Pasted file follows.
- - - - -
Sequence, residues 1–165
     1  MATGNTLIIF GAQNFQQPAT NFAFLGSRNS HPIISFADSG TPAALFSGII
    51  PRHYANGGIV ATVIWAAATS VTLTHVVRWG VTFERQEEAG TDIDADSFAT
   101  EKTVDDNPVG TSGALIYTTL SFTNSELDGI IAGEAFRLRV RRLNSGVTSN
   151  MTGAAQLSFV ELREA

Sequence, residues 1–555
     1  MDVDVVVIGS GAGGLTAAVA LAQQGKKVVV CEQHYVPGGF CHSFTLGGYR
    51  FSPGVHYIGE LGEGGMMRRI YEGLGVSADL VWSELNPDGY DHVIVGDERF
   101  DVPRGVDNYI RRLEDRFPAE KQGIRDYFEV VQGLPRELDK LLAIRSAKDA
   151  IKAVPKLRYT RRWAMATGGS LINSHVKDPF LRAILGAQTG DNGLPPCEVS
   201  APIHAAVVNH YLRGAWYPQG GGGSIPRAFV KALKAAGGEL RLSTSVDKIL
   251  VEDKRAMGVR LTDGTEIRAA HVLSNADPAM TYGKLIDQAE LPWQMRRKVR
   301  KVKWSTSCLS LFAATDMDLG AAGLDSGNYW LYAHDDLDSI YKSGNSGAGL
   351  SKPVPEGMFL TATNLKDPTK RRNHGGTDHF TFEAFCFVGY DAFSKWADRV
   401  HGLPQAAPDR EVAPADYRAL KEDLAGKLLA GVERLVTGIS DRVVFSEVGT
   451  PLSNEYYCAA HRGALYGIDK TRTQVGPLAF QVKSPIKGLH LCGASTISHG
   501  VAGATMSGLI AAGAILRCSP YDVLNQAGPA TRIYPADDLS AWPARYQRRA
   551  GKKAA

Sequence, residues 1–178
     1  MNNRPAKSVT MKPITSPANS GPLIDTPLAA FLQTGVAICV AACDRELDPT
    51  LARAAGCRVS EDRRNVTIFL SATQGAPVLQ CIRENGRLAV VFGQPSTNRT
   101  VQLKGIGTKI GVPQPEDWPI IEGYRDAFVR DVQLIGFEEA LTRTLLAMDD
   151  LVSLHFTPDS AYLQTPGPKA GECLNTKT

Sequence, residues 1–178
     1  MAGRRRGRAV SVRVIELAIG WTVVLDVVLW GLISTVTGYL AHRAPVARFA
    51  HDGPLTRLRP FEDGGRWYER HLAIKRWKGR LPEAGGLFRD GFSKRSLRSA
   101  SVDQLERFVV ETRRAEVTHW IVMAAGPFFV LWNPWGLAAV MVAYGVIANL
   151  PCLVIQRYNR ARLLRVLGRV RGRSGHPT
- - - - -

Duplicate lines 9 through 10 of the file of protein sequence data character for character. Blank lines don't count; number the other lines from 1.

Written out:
   101  DVPRGVDNYI RRLEDRFPAE KQGIRDYFEV VQGLPRELDK LLAIRSAKDA
   151  IKAVPKLRYT RRWAMATGGS LINSHVKDPF LRAILGAQTG DNGLPPCEVS